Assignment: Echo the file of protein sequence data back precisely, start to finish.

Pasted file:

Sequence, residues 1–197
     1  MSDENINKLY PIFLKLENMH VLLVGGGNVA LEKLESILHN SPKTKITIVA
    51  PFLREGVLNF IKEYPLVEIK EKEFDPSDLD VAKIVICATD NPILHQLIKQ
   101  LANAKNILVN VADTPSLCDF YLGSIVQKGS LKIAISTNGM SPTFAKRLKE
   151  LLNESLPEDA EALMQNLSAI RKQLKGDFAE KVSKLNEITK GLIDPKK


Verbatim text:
Sequence, residues 1–197
     1  MSDENINKLY PIFLKLENMH VLLVGGGNVA LEKLESILHN SPKTKITIVA
    51  PFLREGVLNF IKEYPLVEIK EKEFDPSDLD VAKIVICATD NPILHQLIKQ
   101  LANAKNILVN VADTPSLCDF YLGSIVQKGS LKIAISTNGM SPTFAKRLKE
   151  LLNESLPEDA EALMQNLSAI RKQLKGDFAE KVSKLNEITK GLIDPKK